Tuesday, January 10, 2006
AMON DUUL 2 - Yeti 2LP / Dance of the Lemmings 2LP
's funny how sudden access to CD versions of two albums you've had sitting in your collection on vinyl for over ten years can immediately spawn a belated appreciation of music you probably should've given a better listen to a decade back. Does that make sense? I've had both of these monsters on vinyl collecting dust in the spare room for longer than I'd care to think, but since I've recently had access to the CD versions on the Repertoire label lying around at work, I've been giving them a good digital hiding during the day and finally pulled the vinyl copies out at home for another spin. Whhaaatt was I thinking dismissing the likes of Yeti and ...Lemmings??
"... a record I would consider one of the 10 best in the history of rock music, easily" - Jimmy Johnson reviewing Yeti, Forced Exposure catalogue #11, December-February '94/'95*
I wonder what Jimmy thinks of that statement now. I mean, really, was he just trying to sell the thing? Probably, and for that I can't fault him. I was all prepared to send off and purchase the darn thing when I stumbled across cheap second-hand LP copies of both out at some dorky suburban record barn soon thereafter. A handful of spins back home left me thoroughly unconvinced of their greatness. With the likes of Can, Faust and Guru Guru's monstrous UFO at my disposal, the likes of AD 2 couldn't compete. Most of all, they could never compete with the jawdropping greatness of Amon Duul 1.
Far more primitive than their brother/sister group, AD 1 were born from the same commune which spawned both outfits, though their deliciously unmusical racket, sounding like a Godz/Shaggs hybrid playing White Light/White Heat on repeat, was a godsend for a noise-hungered audio-douchebag like myself caught in the no-man's-land of dull indie rock which was the mid '90s. Funnily enough, I've got no-one to thank but this guy for getting me into them! Fugedabout Julian Cope, his Krautrocksampler tome gives AD 1 a serious bumrush, a slight on his thinking I still find hard to fathom. Psychedelic Underground, Collapsing and Disaster: three albums I'll stake my life on. All bought on CD 'round '96 or so (when they were first reissued; you can forget about ever finding vinyl copies of these Down Under. We Aussies simply didn't buy this stuff the first time around, and if we did we either hung onto them like gold or accidentally burnt them all in bong/incense/candle-fuelled house fires), their brilliance pushed AD 2's works further into irrelevance.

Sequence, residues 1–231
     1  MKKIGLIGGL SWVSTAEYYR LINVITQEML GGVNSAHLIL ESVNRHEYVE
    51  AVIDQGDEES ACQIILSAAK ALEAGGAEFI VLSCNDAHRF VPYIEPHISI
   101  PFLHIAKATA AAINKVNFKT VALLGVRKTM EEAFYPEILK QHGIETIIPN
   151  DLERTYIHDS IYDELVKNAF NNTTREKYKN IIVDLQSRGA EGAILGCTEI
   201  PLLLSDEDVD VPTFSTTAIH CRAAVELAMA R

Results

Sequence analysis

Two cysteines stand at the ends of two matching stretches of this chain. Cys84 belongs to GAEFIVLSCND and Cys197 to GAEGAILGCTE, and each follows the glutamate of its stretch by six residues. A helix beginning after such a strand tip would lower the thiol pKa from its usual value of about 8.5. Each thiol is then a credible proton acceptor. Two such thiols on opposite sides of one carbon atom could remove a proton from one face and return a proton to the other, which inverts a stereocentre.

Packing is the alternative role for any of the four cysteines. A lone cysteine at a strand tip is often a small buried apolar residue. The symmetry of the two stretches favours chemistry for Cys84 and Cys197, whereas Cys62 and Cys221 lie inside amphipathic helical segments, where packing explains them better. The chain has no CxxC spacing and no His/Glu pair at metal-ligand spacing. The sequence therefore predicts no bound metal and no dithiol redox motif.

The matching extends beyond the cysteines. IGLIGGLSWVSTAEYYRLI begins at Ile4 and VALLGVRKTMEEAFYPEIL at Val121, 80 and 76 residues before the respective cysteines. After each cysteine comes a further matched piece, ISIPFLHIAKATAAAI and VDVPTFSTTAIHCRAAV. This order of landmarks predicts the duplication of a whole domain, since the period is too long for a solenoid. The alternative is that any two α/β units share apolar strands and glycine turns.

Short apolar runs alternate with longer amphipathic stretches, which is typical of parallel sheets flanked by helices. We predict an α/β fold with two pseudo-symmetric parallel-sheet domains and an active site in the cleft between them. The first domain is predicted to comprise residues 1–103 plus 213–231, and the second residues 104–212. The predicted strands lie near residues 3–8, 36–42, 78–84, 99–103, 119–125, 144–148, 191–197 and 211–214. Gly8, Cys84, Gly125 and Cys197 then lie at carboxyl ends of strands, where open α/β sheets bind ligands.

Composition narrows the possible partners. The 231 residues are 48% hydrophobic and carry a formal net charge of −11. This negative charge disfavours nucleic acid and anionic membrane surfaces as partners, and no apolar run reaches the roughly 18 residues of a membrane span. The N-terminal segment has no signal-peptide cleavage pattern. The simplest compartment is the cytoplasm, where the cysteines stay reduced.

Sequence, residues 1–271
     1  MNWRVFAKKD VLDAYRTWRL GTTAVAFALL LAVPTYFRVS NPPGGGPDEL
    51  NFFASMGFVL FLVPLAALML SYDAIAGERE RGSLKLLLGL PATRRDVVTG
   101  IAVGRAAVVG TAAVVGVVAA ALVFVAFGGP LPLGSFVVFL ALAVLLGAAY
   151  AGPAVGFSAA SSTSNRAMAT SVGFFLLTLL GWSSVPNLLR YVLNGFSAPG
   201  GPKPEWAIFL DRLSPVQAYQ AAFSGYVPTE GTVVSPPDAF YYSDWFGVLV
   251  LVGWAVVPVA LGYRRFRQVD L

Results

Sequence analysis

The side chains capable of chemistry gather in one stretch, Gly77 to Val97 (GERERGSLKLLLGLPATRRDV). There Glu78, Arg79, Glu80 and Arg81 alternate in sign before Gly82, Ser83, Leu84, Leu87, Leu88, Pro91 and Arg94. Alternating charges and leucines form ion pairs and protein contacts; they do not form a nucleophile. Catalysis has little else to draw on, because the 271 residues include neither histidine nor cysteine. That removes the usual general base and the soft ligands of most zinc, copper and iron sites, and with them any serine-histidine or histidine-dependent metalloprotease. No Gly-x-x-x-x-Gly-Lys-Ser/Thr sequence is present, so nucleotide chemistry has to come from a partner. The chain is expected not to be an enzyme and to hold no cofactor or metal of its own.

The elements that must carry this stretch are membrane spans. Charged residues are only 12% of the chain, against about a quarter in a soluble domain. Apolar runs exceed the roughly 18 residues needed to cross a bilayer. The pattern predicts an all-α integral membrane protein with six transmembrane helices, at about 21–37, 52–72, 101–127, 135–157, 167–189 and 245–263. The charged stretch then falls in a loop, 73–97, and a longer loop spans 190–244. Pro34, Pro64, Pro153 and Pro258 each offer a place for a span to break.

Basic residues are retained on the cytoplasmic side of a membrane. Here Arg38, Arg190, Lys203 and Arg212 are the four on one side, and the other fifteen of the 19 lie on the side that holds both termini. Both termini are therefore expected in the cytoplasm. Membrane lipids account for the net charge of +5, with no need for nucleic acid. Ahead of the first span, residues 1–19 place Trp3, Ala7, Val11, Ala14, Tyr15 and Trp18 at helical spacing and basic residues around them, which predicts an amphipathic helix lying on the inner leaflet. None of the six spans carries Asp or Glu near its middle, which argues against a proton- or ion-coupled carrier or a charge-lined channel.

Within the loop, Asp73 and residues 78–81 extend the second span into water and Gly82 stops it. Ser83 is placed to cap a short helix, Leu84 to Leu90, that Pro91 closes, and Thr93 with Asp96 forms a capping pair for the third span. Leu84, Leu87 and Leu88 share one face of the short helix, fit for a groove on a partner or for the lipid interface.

Until now, that is. Yeti and ...Lemmings, from 1970 and '71, respectively, have the Krautrock 101 pedigree down pat: double LP musical "excursions"; crazy, full-colour gatefold sleeves featuring all manner of drug-tinged images; a mixture of brief(ish), fully-realised songs and stoned improvisations to round things out. Again, I don't mean to contradict popular opinion for the sheer hell of it, but for my two cents, Dance of the Lemmings (which Cope hates!) is the stronger of the two. Yeti has the Hawkwind/Sabbath-style heaviness to its great advantage (and like Jimmy later noted in his review, the overbearing vocal bleed and guitar fuzz on "Eye-Shaking King" is a moment of brilliance), though the unrelenting thud of the guitars can get monotonous at times. ...Lemmings, on the other hand, which drifts closer towards acid-folk territory with a menu of chintzy special effects and electronic phasing at its disposal, allows the songs some room to breathe.
The entire second disc kills me. Dig those song titles, hippie: "The Marilyn Monroe-Memorial-Church", "Chewinggum Telegram", "Stumbling Over Melted Moonlight" and "Toxicological Whispering". Many a good folk has made the Velvets reference in regards to Amon Duul 2. Me, I don't hear it, at least not much of it. There's the very occassional White Light-style guitar chug, though if I was to throw a few names around - and you know I must - the cards I'd lay on the table would be early Hawkwind, Roxy Music (another band constantly compared to VU: I simply don't hear the comparison)'s first two LPs, the same for Pink Floyd and maybe even a little bit of Anthem of the Sun-era 'Dead. For the most part, however, both Yeti and ...Lemmings sound only like Amon Duul 2, and that's a fine thing. Phallus Dei (yes, the first; maybe another time), Yeti, Dance of the Lemmings: it's nice to know you again.
* - Why in the fuck do I know this quote? Why is this catalogue still sitting around my house? I'll ask my shrink.